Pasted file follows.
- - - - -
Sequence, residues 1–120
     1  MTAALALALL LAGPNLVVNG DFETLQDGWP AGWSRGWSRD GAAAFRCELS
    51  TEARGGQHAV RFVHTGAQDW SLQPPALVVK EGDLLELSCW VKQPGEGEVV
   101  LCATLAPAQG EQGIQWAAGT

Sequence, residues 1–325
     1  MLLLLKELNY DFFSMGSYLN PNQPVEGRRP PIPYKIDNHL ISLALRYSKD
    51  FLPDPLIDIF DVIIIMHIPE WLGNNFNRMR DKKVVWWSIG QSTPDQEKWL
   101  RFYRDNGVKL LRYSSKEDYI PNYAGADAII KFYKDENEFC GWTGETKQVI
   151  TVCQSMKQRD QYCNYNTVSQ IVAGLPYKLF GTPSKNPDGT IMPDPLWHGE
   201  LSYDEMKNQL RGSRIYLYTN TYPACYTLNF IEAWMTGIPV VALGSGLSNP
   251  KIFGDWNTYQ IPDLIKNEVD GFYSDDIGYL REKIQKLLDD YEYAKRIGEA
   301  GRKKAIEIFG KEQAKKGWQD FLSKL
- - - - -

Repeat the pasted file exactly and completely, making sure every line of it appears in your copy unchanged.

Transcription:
Sequence, residues 1–120
     1  MTAALALALL LAGPNLVVNG DFETLQDGWP AGWSRGWSRD GAAAFRCELS
    51  TEARGGQHAV RFVHTGAQDW SLQPPALVVK EGDLLELSCW VKQPGEGEVV
   101  LCATLAPAQG EQGIQWAAGT

Sequence, residues 1–325
     1  MLLLLKELNY DFFSMGSYLN PNQPVEGRRP PIPYKIDNHL ISLALRYSKD
    51  FLPDPLIDIF DVIIIMHIPE WLGNNFNRMR DKKVVWWSIG QSTPDQEKWL
   101  RFYRDNGVKL LRYSSKEDYI PNYAGADAII KFYKDENEFC GWTGETKQVI
   151  TVCQSMKQRD QYCNYNTVSQ IVAGLPYKLF GTPSKNPDGT IMPDPLWHGE
   201  LSYDEMKNQL RGSRIYLYTN TYPACYTLNF IEAWMTGIPV VALGSGLSNP
   251  KIFGDWNTYQ IPDLIKNEVD GFYSDDIGYL REKIQKLLDD YEYAKRIGEA
   301  GRKKAIEIFG KEQAKKGWQD FLSKL